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  • Writer's pictureDr .Lavanya Manoharan


Updated: Nov 29, 2022


What Is Allergic Rhinitis?

Allergic rhinitis the most common type of chronic rhinitis is caused due to the inflammation of the nasal mucosa (linning) after being triggered by allergens. The allergens trigger an inmmunological response which leads to inflammation and in turn the symptoms.

Allergic rhinitis is characterized by four classical symptoms which include the following: (1)

When left untreated allergic rhinitis can cause sleep disturbance, fatigue, low mood, and a decline in cognitive function impairing the quality of life.

Depending on the severity of the symptoms allergic rhinitis can be classified as (2)

What Is The Disease Burden?

Around the world, 10 to 20% of people suffer from allergic rhinitis, and in certain regions reaching up to 40%. In India, around 20-30% of the people suffer from allergic rhinitis, and 15% progress to develop asthma. (1)

What Are The Tests Done To Determine Allergic Rhinitis?

There are mainly two types of tests available.

The first type is a skin prick test in which you will be tested for allergens on your forearm. It is done by injecting small quantities of the allergens over the forearm, and then reading for the responses after a few minutes. This test is usually performed under your doctor’s supervision at his clinic or hospital. Results are available within 20 minutes, and you will likely come to know about the cause of your child’s allergy once the identified allergen is correlated with the relevant history.

Specific immunoglobulin E (IgE) levels, the second type of test, can be measured in the blood for which a blood sampling is needed. Results are usually available in 48 hours and many types of allergens can be detected. (3)

What Is The Treatment Protocol In Adults?

The treatment protocol depends on the age of the person, the severity of the symptoms, and other factors specific to the individual. There is pharmacological therapy and non-pharmacological therapy. Pharmacological therapy includes oral medications, intranasal medications, and non-pharmacological therapy includes allergen avoidance, immunotherapy, and adjunct surgical management.

The management of allergic rhinitis is as follows: (3)

The management involves a through history and examination followed by relevant investigations at the discretion of your treating doctor.

Pharmacotherapy Includes:

  1. Antihistamines (Chlorpheniramine, Bilastine)

  2. Corticosteroids in the form of intranasal spray such (fluticasone furoate, mometasone)

  3. Chromones (Sodium Cromoglycate)

  4. Decongestants (phenylephrine systemically or oxymetazoline topically as nasal drops)

  5. Anticholinergic intranasally (ipratropium)

  6. Antileukotrienes (Montelukast)

The below flow chart explains the pharmacological treatment protocol: (1)

What Is The Treatment Protocol In Children?

1) Mometasone and fluticasone furoate is recommended in children above 2 years of age.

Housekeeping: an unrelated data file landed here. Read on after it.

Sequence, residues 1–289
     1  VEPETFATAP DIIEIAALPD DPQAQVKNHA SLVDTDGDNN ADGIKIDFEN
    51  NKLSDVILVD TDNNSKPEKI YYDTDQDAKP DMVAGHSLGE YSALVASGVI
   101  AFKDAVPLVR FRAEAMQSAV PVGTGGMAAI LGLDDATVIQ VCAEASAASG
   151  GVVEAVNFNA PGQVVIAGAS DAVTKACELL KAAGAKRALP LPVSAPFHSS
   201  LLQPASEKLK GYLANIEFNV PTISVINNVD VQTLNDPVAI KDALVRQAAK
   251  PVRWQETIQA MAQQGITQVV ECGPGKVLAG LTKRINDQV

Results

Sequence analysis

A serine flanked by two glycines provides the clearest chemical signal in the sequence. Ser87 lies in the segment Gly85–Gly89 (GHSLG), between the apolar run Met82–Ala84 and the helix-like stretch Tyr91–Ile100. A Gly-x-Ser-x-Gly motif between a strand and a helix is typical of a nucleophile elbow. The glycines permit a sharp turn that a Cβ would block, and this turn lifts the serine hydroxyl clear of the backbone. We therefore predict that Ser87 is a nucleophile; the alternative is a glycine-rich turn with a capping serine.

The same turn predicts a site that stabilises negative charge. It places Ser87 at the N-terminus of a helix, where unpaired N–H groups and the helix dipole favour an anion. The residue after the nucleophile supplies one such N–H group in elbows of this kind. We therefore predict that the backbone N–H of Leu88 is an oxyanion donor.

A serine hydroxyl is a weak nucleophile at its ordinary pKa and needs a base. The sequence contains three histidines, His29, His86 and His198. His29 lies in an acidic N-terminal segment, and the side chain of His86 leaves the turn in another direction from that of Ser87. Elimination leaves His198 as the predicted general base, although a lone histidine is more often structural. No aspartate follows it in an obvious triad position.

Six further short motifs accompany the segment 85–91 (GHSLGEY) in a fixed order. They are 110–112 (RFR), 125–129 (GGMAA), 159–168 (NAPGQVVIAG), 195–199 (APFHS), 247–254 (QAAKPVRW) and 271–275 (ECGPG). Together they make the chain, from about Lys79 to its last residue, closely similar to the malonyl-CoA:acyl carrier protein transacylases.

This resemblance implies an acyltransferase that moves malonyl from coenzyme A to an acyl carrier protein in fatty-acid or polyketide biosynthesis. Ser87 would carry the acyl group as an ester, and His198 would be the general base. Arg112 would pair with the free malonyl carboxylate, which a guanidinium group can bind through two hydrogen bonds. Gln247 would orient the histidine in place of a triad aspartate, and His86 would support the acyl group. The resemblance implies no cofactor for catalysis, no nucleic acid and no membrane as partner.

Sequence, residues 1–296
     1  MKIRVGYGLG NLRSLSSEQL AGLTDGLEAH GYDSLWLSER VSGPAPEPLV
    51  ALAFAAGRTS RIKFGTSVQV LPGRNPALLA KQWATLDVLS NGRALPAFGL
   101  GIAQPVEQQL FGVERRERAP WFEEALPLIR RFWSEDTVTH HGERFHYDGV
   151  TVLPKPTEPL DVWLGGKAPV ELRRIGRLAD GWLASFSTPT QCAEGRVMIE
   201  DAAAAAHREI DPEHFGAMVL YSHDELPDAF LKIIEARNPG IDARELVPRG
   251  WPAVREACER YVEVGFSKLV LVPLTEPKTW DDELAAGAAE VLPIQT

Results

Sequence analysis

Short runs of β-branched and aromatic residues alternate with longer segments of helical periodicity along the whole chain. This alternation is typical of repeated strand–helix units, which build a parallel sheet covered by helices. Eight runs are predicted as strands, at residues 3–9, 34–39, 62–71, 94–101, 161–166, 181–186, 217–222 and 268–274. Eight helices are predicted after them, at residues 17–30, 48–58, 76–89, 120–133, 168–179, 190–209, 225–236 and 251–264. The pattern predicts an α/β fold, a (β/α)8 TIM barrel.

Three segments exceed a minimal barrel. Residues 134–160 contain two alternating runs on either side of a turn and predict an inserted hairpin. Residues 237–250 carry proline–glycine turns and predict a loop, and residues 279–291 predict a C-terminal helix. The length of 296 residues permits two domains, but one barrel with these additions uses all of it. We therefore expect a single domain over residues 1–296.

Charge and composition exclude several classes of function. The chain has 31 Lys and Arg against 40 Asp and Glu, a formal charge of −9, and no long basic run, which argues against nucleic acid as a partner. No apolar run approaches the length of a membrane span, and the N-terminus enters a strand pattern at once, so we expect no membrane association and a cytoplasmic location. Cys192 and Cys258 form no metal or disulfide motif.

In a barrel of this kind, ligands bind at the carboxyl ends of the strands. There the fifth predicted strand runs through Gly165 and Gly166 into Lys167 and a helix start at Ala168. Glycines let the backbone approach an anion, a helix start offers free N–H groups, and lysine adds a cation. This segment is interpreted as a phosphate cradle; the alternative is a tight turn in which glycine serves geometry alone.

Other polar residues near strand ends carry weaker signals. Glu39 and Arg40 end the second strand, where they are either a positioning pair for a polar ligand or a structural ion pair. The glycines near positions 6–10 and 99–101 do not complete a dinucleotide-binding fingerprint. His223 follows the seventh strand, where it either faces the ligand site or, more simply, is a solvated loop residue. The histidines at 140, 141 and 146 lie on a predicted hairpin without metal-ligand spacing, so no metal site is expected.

2) Topical concommitant use of decongestants is effective for short term.

3) Oral and intramuscular glucocorticoids to be avoided in children.

4) Immunotherapy is recommended in subjects who have not adequately responded to maximal pharmacotherapy. (1)

Commonly used intranasal corticosteroids in allergic rhinitis and their dosages: (3)

Second generation antihistamines and dosages as per age : (3)

What Is The Treatment Protocol During Pregnancy? (1)

1) Chlorphenamine, loratadine, and cetirizine are safe in pregnancy.

2) Intranasal corticosteroids budesonide is a category B drug.

3) Decongestants and immunotherapy to be avoided.

4) Risk-benefit ratio to be determined when using antihistamines and nasal steroids.

What Is Allergen Immunotherapy?

Allergen immunotherapy involves the regular administration of gradually increasing doses of allergen extracts over a period of years. Immunotherapy can be given to patients as an injection or as tablets, sprays, or drops under the tongue (sublingual).

Allergen immunotherapy changes the way the immune system reacts to allergens, by switching off an allergy. The end result is that you become immune to the allergens so that you can tolerate them with fewer or no symptoms. Those agreeing to allergen immunotherapy need to be committed to a longer time of treatment for it to work. This is always undertaken after a complete evaluation under the supervision of your doctor.

At Bangalore ENT Institute & Research Center, our expert doctors offer comprehensive allergic rhinitis diagnosis and management to help you improve your quality of life! To know more about allergic rhinitis, talk to our doctors at or on any of our social handles!


1) Indian guidelines on diagnosis and management of allergic rhinitis – a consensus approach by The Association of Otolaryngologists of India.

2) Klimek L, Bachert C, Pfaar O, Becker S, Bieber T, Brehler R, Buhl R, Casper I, Chaker A, Czech W, Fischer J, Fuchs T, Gerstlauer M, Hörmann K, Jakob T, Jung K, Kopp MV, Mahler V, Merk H, Mülleneisen N, Nemat K, Rabe U, Ring J, Saloga J, Schlenter W, Schmidt-Weber C, Seyfarth H, Sperl A, Spindler T, Staubach P, Strieth S, Treudler R, Vogelberg C, Wallrafen A, Wehrmann W, Wrede H, Zuberbier T, Bedbrook A, Canonica GW, Cardona V, Casale TB, Czarlewski W, Fokkens WJ, Hamelmann E, Jutel M, Larenas-Linnemann D, Mullol J, Papadopoulos NG, Toppila-Salmi S, Werfel T, Bousquet J. ARIA guideline 2019: treatment of allergic rhinitis in the German health system. Allergol Select. 2019 Dec 30;3(1):22-50. doi: 10.5414/ALX02120E. PMID: 32176226; PMCID: PMC7066682.

3) Standard treatment guidelines forallergic rhinitis by Indian academy of paediatrics.

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